I cannot conclude this report, without informing you of the great aid I have derived from commodore Rodgers. He was ever present and ready to afford his useful counsel, and to render his important services. His presence, with that of his gallant officers and seamen, gave confidence to every one.

The enemy's loss in his attempt on Baltimore, amounts, as near as we can ascertain it, to between 6 and 700 killed, wounded and missing. General Ross was certainly killed.

Col. James Monroe,

SIR,

acting Secretary of War.

I have the honour to be, &c.

S. SMITH, Maj. Gen. Comdg.

HEAD QUARTERS, FORT ERIE, September 20th, 1814.

Among the officers lost to this army at the battle of Niagara falls, was my aid-de-camp, captain Ambrose Spencer, who, being mortally wounded, was left in the hands of the enemy. By flags from the British army, I was shortly afterwards assured of his convalescence, and an offer was made me by lieutenant general Drummond to exchange him for his own aid, captain Loring, then a prisoner of war with us. However singular this proposition

appeared, as captain Loring was not wounded, nor had received the slightest injury, I was willing to comply with it on captain Spencer's account; but as I knew his wounds were severe, I first sent to ascertain the fact of his being then living. My messenger, with a flag, was detained, nor even once permitted to see eaptain Spencer, though in his immediate vicinity. The evidence I wished to acquire failed, but my regard for captain Spencer would not permit me longer to delay, and I informed general Drummond that his aid should be exchanged even for the body of mine. This offer was no doubt gladly accepted, and the corpse of captain Spencer sent to the American shore.

Indignant as I am at this ungenerous procedure, I yet hold myself bound in honour to lieutenant general Drummond to return captain Loring; and must therefore earnestly solicit of you his immediate release. He can return to lieutenant general Drummond by the way of Montreal.

Hou. James Monroe.

Very respectfully, &c.
JACOB BROWN.

PRESIDENT'S MESSAGE TO CONGRESS.

Fellow citizens of the Senate

and of the House of Representatives :

Nothwithstanding the early day which had been fixed for your session of the present year, I was induced to call you together sooner, as well that any inadequacy in the existing provi ions for the wants of the Treasury might be supplied, as that no delay might happen in providing for the result of the negotiations on foot with Great Britain, whether it should require arrangements adapted to a return of peace, or further and more effective provisions for prosecuting the war.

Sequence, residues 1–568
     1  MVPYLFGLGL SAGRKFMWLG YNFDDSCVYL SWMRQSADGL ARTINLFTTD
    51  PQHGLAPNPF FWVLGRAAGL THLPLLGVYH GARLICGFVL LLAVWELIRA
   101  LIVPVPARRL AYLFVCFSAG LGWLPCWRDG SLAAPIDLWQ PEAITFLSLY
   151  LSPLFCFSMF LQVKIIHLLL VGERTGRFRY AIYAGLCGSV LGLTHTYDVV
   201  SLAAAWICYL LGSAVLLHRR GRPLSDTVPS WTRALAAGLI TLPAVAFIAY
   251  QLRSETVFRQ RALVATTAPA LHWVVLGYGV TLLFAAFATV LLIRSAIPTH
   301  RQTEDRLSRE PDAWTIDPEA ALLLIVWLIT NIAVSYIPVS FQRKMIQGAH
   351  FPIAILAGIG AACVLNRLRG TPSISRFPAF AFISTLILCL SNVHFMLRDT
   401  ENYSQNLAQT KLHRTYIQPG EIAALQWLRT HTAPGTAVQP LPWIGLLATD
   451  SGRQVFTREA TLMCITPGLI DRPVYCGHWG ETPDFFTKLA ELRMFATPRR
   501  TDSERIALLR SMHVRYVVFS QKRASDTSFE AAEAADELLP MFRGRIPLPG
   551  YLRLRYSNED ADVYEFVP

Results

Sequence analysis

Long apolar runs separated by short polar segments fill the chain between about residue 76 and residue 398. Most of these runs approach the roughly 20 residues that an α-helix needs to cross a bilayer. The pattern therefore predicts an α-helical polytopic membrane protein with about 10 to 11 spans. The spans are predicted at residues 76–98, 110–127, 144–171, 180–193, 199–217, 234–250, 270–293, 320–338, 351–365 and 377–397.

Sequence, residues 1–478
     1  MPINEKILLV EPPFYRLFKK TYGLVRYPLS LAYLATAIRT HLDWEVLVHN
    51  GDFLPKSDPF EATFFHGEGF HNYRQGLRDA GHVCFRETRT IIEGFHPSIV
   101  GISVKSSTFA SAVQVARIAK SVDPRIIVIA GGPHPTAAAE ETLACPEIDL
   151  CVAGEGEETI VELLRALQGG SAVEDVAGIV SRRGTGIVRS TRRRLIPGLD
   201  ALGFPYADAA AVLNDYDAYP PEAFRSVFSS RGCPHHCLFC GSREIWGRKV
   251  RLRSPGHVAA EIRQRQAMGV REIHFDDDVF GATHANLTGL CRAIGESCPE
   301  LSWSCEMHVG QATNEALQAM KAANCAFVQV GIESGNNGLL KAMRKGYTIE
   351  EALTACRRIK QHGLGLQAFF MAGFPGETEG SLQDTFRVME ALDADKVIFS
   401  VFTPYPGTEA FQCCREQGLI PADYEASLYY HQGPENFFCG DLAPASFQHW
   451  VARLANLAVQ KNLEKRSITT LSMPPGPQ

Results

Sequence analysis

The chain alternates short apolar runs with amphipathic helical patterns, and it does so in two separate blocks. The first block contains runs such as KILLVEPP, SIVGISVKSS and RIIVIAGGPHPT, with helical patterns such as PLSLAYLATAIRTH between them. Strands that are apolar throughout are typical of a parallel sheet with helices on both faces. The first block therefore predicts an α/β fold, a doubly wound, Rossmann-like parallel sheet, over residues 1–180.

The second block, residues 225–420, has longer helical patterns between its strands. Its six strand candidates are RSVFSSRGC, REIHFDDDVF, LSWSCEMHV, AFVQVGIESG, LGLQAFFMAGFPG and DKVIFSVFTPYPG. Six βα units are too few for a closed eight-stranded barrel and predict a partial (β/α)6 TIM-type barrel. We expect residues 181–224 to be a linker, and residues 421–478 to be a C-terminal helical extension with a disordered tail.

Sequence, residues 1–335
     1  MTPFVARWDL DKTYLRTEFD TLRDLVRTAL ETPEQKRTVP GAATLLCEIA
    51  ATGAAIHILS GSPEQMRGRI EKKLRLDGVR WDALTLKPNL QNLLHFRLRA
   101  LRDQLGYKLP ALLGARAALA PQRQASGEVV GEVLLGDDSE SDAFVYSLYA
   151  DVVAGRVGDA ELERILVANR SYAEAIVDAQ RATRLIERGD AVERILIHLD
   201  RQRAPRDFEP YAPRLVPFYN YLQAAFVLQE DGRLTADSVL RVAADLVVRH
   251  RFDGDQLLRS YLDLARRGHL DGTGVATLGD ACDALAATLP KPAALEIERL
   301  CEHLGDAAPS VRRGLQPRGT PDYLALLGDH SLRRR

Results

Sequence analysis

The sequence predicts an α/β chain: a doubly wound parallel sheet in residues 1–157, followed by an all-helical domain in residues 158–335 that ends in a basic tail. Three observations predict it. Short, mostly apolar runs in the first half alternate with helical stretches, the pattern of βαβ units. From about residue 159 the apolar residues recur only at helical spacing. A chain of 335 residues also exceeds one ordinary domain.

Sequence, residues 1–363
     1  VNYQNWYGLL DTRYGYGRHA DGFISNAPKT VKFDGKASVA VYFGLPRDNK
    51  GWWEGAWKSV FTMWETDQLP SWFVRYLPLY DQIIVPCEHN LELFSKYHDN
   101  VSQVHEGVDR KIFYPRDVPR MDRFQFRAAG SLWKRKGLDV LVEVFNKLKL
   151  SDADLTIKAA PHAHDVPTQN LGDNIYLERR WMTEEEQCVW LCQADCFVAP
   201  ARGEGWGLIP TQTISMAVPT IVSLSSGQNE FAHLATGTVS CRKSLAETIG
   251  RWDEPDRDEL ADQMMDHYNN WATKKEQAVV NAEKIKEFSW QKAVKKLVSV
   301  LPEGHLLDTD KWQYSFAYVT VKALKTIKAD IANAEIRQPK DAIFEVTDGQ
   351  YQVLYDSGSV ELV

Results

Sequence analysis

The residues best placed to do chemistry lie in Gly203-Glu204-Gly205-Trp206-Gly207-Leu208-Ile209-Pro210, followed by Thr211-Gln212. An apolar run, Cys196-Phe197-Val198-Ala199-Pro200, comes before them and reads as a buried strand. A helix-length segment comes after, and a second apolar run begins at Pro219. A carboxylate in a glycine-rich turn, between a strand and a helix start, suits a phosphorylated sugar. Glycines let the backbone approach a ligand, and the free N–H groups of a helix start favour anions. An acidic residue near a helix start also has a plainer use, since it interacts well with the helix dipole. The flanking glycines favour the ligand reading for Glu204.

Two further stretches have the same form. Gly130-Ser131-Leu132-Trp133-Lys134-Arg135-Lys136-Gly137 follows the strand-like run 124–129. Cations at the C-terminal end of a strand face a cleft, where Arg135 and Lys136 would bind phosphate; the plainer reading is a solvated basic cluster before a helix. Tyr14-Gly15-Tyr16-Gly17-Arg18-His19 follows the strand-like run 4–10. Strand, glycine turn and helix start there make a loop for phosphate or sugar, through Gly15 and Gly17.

The result is not yet known. If, on one hand, the repeal of the orders in council, and the general pacification in Europe, which withdrew the occasion on which impressments from American vessels were practised, suggest expectations that peace and amity may be re-established, we are compeiled, on the other hand, by the refusal of the British government to accept the offered mediation of the Emperor of Russia; by the delays in giving effect to its own proposal of a direct negotiation; and, above all, by the principles and manner in which the war is now avowedly carried on, to infer that a spirit of hostility is indulged more violent than ever against the rights and prosperity of this country.

This increased violence is best explained by the two important circumstances, that the great contest in Europe for an equilibrium guaranteeing all its estates against the ambition of any, has been closed without any check on the overbearing power of Great Bri

tain on the ocean; and it has left in her hands disposable armaments with which, forgetting the difficulties of a remote war with a free people, and yielding to the intoxication of success, with the example of a great victim to it before her eyes, she cherishes hopes of still further aggrandizing a power already formidable in its abuses to the tranquillity of the civilized and commercial world. But, whatever may have inspired the enemy with these more violent purposes, the public councils of a nation, more able to maintain than it was to acquire its independence, and with a devotion to it rendered more ardent by the experience of its blessings, can never deliberate but on the means most effectual for defeating the extravagant views or unwarrantable passions with which alone the war can now be pursued against us.